Postgraduate Bursaries are available for nominated and eligible students studying the MSc Social Work at UWS. This is administered through the Scottish Social Services Council (SSSC) and is usually only available to students who were born in Scotland, have lived most of their life here, and have a current address here.
There are a few exceptions to this which are detailed in the SSSC Guidance Notes document below. This can include EU nationals who may be ordinarily resident in Scotland and have lived in the UK for last three years. If you are unsure about your eligibility, please contact the SSSC.
If you are eligible to apply, funding is limited and subject to a quota. Students must be nominated by the University, who will have a set number of funded places. Nominations are at the discretion of the academic teaching team, who you should contact directly with any questions relating to this process.
The bursary is made up of:
Please see the documents below for information. While these refer to the 2017/18 academic session, the funding remains unchanged and we will update this information if and when any changes are announced:
There is no guarantee that a University will nominate a student for a Bursary and they may have more students than quota places. If you have studied a Postgraduate course previously this may also affect your eligibility.
For further information, please contact the SSSC.
There are lots of alternative sources of funding, like charities and trusts, that can help finance your studies. These can include grants that can pay tuition fees, living cost support and funding for research expenses so this can be a good avenue to explore whether you have been unable to get funding through the above sources, or a simply looking to top this up.
When searching for additional financial support, it is important to understand that this can take up a lot of time. While there is no guarantee that you will find a source of funds for you, you definitely won’t find anything if you don’t try.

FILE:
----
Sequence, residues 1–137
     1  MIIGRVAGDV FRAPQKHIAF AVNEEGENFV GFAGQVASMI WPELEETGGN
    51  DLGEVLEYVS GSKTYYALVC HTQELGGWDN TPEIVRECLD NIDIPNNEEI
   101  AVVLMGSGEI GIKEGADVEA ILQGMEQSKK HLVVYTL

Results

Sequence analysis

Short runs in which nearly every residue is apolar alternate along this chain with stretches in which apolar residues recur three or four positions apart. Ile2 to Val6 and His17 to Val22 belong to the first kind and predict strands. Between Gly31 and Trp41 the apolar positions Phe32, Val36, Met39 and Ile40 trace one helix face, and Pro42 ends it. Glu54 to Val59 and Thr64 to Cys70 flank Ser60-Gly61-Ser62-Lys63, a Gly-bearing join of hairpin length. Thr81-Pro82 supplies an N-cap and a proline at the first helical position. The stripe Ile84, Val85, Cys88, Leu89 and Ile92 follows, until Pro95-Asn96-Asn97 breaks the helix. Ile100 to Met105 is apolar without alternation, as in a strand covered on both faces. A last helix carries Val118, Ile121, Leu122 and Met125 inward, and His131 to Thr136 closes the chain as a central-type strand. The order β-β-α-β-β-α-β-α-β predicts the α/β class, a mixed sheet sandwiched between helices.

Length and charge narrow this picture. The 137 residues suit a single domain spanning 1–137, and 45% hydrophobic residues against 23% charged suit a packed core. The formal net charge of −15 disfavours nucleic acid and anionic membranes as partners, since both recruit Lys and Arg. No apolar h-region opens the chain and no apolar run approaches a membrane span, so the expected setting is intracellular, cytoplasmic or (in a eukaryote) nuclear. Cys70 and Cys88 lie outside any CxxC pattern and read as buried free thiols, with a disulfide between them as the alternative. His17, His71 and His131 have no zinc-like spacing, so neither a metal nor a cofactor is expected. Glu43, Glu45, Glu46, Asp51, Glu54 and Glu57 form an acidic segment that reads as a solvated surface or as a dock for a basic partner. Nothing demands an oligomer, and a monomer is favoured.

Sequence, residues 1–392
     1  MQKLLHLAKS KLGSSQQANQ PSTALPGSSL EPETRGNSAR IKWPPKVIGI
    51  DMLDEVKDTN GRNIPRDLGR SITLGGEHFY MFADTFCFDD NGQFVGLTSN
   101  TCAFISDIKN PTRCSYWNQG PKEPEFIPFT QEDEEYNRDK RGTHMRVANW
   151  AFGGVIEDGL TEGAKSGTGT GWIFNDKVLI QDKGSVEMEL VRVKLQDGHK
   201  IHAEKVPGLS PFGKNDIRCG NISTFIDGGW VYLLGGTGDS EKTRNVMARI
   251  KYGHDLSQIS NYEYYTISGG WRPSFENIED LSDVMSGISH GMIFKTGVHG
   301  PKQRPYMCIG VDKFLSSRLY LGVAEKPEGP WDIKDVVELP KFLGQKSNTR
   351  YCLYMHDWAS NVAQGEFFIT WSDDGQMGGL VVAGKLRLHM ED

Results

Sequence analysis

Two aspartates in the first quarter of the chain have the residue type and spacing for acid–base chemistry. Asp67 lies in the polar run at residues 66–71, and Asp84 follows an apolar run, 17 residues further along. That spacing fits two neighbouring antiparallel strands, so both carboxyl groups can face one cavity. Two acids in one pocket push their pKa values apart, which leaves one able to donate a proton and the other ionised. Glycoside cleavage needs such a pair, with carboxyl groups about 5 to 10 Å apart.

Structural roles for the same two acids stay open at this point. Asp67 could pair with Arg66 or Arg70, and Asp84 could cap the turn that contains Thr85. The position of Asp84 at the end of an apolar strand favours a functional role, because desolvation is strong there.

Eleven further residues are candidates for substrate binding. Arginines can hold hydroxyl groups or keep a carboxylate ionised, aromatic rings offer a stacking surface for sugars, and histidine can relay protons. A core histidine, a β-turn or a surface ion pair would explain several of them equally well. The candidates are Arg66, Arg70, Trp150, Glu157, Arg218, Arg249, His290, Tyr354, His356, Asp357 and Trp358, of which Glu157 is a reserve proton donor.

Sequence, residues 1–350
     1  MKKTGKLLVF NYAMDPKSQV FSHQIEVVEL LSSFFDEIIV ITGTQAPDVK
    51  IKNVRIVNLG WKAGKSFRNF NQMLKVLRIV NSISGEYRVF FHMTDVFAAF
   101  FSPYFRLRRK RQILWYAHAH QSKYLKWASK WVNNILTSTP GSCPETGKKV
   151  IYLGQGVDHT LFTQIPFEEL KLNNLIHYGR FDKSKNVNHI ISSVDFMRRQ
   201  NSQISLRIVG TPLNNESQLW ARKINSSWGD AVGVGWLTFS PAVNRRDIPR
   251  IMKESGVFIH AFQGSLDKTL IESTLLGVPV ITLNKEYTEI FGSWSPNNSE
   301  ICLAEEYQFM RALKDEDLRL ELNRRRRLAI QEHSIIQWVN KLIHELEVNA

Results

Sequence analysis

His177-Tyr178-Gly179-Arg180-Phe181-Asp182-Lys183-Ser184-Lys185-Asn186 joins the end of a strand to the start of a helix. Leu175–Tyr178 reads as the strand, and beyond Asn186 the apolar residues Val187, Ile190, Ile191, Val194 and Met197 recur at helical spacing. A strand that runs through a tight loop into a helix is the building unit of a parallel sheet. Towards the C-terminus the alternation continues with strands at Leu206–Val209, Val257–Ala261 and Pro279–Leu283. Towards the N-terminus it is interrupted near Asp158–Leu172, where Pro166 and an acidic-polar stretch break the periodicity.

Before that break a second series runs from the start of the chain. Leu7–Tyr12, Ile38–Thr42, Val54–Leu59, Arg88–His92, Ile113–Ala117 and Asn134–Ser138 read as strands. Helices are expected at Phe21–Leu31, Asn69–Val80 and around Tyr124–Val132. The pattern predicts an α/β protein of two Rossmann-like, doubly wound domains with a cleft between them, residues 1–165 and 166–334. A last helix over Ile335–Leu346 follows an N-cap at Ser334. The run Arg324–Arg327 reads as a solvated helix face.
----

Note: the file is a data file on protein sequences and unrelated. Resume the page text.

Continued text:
This type of funding can vary from small amounts, such as £200, to larger amounts that might cover your full tuition fee for a year. Most students who achieve success with these types of funds do so because they continually research and apply to everything they can. Numerous grants of £200 can really add up.
It’s also important to remember that most of these funds are competitive, similar to applying for a job. Many people might apply, but there may be only one award available. As such, it is important that you spend time on any application. Carefully follow any guidance notes and make sure your application will stand out in a crowd.
The best place to start exploring this avenue is through our Alternative Trusts and Scholarships page. Click on the link below and you will find a lot of resources to help get you started. Just remember, we can’t possibly include every fund on our page, so don’t limit yourself to this page alone.
It's important to remember that you are responsible for meeting the cost of tuition throughout your studies, so if you do not apply for support, or are not eligible to receive this, you will be classed as a self-funded student and will be expected to meet this cost yourself.
It's important to plan ahead if you are going to be funding your studies yourself. In most cases, you will be able to spread the cost over the academic year, but that is still an additional monthly expense that you should plan for. You will also be required to pay a deposit at the point you enrol, and enrolment will not be completed until this is done, meaning any student funding you are due to receive will be delayed.
Check out our information on Tuition Fee Payment Plans.
If you are self-funding, we encourage you to plan ahead by visiting our Budgeting and Planning web pages.
When you become a student you can become eligible for childcare and discretionary funds, trust funds and scholarships. You may also find that your entitlement to benefits can change, so use the following links to ensure you receive the financial support you are eligible for.
Once you have a better understanding of the funding you can receive, it’s important to start thinking about what you need to spend it on and how far it will stretch. Visit our Money and Debt Advice section for advice on budgeting, and making your money go further.